Step 4: Identify Your Recall Manager And Members Of The Recall Team

Once you know to which agency you will report, the next step is to identify the person within your organization who will do the reporting. Ideally, this individual should be someone who is (1) familiar with the manufacturing/design elements behind your products; (2) already in a position of leadership within your company, or someone who is comfortable speaking to those individuals within your company; and (3) able to effectively communicate over the phone, in writing and in person.

Of these three traits, the third is the most important. A recall manager can learn the product and get comfortable with reporting to superiors, but it is absolutely critical that this individual has the skills to communicate with regulators (and, if necessary, outside legal counsel) in a professional manner from the very beginning. Building credibility with regulators is a non-negotiable element of any successful recall, and nothing is more likely to lead a regulatory agency to conclude that more intervention is necessary than poorly drafted reports or lackluster oral communications.

Once you have identified a recall manager, he or she should also be provided with contacts within the organization responsible for locating and tracking information related to manufacturing, design and distribution. Every agency overseeing a recall will want to know how the defect occurred and how many customers it impacts, so tasking individuals with responsibility to track this information for recall purposes will make it much easier for your company to respond in a timely and accurate manner.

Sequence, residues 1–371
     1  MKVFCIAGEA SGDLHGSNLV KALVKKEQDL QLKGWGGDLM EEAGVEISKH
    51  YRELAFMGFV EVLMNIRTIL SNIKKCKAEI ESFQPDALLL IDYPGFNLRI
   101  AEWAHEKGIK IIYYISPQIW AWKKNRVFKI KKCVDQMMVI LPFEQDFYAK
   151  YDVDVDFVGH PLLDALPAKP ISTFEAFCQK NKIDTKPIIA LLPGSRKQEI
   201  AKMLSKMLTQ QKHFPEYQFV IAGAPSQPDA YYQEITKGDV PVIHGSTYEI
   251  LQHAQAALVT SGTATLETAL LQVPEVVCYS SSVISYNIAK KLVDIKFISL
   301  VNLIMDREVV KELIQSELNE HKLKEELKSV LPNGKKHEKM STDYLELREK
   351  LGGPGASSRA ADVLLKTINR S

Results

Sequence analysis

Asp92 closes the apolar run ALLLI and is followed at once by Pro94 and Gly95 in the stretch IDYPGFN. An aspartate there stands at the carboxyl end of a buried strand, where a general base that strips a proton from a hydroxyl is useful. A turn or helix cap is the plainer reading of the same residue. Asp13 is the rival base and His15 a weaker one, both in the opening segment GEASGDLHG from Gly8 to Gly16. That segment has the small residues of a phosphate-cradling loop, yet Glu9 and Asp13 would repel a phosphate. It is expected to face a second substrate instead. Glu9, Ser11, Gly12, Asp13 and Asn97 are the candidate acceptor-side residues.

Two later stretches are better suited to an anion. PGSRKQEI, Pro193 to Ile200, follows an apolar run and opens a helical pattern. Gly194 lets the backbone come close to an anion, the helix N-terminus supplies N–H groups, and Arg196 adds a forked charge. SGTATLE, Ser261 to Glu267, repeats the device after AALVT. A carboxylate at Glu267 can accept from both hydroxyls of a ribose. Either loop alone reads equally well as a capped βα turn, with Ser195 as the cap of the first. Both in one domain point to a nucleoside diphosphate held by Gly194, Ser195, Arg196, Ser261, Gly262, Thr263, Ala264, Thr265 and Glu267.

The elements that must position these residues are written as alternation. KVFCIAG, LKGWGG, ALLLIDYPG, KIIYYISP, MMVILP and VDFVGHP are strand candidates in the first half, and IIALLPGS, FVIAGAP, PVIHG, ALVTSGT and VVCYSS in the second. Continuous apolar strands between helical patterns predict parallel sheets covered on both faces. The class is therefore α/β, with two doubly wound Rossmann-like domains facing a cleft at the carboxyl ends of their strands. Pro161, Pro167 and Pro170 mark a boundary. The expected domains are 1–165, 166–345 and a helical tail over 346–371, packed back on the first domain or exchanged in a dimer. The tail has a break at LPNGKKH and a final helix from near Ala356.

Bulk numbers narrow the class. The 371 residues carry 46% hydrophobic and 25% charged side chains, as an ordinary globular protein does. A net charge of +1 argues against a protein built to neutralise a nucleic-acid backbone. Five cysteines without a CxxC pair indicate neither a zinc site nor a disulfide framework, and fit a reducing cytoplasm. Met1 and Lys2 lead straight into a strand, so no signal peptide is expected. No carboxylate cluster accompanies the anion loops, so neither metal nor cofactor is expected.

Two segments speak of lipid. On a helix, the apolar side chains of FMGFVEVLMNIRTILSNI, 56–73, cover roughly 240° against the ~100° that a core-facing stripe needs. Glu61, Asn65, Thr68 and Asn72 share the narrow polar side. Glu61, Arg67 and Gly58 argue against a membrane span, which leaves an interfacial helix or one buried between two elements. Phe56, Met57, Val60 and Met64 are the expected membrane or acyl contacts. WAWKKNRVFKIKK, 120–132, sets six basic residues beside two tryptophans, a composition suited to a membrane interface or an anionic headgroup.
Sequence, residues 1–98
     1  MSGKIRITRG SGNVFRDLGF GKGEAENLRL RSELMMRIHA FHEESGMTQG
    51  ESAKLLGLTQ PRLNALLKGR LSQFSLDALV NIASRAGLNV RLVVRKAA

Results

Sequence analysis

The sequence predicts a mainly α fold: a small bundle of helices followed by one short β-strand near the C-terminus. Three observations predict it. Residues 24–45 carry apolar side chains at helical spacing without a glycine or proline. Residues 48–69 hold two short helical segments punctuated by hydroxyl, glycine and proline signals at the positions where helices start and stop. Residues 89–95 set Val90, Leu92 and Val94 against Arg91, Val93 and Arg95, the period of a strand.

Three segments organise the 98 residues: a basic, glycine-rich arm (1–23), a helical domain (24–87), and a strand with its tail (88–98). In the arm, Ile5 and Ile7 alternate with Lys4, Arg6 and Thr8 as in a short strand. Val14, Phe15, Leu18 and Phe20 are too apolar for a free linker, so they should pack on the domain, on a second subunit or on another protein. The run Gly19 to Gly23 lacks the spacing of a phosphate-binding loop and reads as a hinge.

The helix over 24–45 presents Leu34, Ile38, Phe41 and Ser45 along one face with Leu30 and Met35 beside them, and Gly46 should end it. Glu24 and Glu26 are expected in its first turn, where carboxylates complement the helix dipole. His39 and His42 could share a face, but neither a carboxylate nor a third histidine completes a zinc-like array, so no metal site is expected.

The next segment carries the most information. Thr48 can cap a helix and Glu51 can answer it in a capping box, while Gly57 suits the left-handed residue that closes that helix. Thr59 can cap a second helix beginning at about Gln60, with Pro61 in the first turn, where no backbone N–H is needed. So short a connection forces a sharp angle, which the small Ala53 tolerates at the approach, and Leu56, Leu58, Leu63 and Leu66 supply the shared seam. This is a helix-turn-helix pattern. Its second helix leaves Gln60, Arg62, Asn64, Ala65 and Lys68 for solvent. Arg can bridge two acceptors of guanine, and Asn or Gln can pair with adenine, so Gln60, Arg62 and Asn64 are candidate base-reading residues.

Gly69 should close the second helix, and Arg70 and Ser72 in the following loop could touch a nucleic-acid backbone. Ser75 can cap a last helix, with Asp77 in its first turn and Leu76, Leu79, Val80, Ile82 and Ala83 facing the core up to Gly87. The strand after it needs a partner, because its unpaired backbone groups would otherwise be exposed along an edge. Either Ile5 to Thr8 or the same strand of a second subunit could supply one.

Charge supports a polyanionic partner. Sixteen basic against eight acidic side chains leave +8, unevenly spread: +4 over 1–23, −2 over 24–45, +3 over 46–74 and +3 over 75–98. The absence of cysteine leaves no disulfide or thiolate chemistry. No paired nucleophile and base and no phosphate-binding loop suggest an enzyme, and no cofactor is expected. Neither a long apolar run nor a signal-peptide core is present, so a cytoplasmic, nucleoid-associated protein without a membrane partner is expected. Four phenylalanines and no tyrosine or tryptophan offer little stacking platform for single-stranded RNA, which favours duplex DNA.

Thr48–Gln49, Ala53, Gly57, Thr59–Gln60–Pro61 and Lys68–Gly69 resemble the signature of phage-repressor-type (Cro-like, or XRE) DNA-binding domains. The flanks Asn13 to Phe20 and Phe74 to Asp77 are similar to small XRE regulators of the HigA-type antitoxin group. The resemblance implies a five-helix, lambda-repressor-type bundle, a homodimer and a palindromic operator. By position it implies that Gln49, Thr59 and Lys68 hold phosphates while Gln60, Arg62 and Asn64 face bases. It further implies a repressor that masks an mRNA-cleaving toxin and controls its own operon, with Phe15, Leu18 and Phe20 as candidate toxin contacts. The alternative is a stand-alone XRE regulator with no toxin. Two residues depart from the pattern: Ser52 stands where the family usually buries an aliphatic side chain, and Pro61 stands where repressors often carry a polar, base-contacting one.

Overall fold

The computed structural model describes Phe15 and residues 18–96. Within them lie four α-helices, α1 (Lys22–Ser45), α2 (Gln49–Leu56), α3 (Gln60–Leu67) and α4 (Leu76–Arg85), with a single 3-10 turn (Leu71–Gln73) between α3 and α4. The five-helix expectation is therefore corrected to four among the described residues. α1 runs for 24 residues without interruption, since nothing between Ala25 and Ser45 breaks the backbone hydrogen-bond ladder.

Step 5: Track Your Data

Government regulators want to be sure that every customer with a recalled product knows about it and to do that, they can order a company to advertise the recall in print media, on the company's website and even through social media like Facebook and Twitter. It is possible to carry out a more targeted recall to avoid bad publicity and unnecessary confusion among your customers, but only when the company can convince the overseeing government agency that it has the data necessary to track each affected unit from production to distribution to the end consumer. As a practical matter, this step requires a company to implement strong tracking procedures. In addition to the end consumer's name and address, this procedure ideally should also include gathering the end consumers' telephone numbers and email addresses to ensure that consumers can be notified of a product recall even if they move to a new address.

While implementing such a procedure requires work at the front end, it ultimately will allow a company to propose to the government agency overseeing the recall that a targeted communication campaign will be sufficient. While there is no guarantee the agency will agree, having the data in hand is the best way to make the case that such a campaign is at least possible. Even if the agency disagrees, following this procedure is still worth the effort, since gathering this data at the outset will still allow a company to quickly and efficiently carry out the recall, thereby saving time and money.

Product recalls are never easy, and it is impossible to predict how government regulators will require a recall to be conducted. However, the challenges are not insurmountable, and having an action plan in place before the need for a recall arises is the best way to minimize its financial and emotional toll on a company.